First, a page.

Iceland escaped the grip of austerity and has turned Icelandic culture into the country’s second largest contributor to GDP, with an impact of around €1bn per year. Unemployment is at 5.7 per cent, growth at 3 per cent – and the island is alive to the sound of music and movie shoots.
If the financial collapse Iceland went through in 2008 is viewed as a laboratory of questions and answers about the current crisis, taking notes on some of the solutions the Icelanders have come up with might be wise.
Unlike in southern Europe, where cuts and tax increases have hit on the culture sector in particular, since 2008 this country of 320,000 inhabitants, which is the size of Portugal, has thrown itself into the creative industries sector. The economic impact of that activity €1bn is double that of agriculture today and ranks just under the island’s top industry, fishing – the legendary export machine that ships cod and other seafood to the continent.
The last minute negotiations in Washington to avoid a budget shortfall show that short-termism is well grounded in US politics. And by contrast, it shows that despite her controversial handling of the euro crisis, the German chancellor is wise enough to instead push for long-term solutions.
In the mountains of Bohemia, near the Polish border, lies a small hospital – the only one of its kind in Europe: The Biological Defence Centre in Těchonín is designed to treat the poor unfortunates who contract the world’s most dangerous viruses or fall victim to a biological terrorist attack.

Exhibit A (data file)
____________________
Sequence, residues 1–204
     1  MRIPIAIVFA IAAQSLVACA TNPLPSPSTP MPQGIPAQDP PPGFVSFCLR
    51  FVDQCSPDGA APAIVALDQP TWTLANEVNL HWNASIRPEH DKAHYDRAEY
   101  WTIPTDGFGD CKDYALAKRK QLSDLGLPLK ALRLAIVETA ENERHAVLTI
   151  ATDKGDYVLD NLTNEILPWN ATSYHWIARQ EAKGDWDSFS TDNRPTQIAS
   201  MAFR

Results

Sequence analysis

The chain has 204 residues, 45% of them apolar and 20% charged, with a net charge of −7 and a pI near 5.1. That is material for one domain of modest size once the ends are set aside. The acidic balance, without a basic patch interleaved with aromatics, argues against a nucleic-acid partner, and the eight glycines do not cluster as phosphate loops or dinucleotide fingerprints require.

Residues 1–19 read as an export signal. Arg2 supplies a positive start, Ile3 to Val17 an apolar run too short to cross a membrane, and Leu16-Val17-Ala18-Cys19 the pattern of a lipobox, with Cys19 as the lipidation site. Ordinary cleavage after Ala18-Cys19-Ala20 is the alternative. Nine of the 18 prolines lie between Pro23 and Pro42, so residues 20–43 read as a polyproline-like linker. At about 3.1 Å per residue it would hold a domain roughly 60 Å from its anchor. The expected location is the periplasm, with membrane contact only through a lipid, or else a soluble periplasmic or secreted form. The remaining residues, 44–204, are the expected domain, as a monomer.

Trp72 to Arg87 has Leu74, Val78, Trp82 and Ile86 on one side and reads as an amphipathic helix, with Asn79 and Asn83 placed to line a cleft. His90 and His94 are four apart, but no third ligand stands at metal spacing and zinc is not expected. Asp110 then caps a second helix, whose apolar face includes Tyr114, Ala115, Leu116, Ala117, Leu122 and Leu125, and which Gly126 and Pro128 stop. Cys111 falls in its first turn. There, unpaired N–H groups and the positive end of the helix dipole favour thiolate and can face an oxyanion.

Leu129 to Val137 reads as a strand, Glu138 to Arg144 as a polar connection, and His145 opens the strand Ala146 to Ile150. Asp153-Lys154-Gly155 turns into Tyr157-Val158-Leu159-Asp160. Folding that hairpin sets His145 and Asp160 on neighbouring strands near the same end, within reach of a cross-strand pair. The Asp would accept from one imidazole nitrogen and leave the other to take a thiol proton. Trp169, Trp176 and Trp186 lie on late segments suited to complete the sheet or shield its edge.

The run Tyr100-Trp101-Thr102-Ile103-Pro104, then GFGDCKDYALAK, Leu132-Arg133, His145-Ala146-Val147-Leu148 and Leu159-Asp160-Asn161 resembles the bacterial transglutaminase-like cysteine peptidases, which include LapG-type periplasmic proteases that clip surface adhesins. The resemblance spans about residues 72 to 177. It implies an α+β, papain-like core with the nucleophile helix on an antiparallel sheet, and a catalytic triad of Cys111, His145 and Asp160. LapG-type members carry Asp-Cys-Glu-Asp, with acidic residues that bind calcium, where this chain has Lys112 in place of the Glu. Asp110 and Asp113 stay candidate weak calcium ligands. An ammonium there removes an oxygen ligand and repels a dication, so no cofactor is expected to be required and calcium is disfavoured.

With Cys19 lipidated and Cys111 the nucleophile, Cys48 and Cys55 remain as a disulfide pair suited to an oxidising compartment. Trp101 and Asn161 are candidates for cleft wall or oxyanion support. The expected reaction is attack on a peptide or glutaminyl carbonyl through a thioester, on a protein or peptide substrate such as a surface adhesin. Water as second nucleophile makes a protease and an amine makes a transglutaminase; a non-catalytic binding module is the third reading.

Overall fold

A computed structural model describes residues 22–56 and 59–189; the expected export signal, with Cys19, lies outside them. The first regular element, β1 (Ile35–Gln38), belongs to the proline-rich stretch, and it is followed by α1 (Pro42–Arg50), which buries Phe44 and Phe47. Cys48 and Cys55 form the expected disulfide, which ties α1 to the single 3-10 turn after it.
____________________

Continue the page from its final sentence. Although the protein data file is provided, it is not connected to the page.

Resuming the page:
Swedish daily Svenska Dagbladet has decided to cut back on its literature section to make space for more lifestyle pages. One of the critics that the newspaper let go complains that the newspaper’s bid to reach out to a wider public will result in an increasingly impoverished press.
A scion of affluent neighbourhoods, educated at an English public school and currently a law student, nothing predestined Louis de Gouyon Matignon for the presidency of an association that protects Gypsy culture. Yet, this grandson of a marquis has embraced the cause and the religion of the Manouche, French travellers.
During the paranoid Hoxha years, hundreds of thousands of concrete bunkers were meant to protect communist Albania from invasion by its enemies. Today they are now used by young people to party and to make out, or by others to recover steel and fuel the economic boom. Excerpts.
Although they pride themselves on being a wired nation, statistics show that only a third of Estonians have registered with the leading social network. For the other two thirds, it is a question of privacy.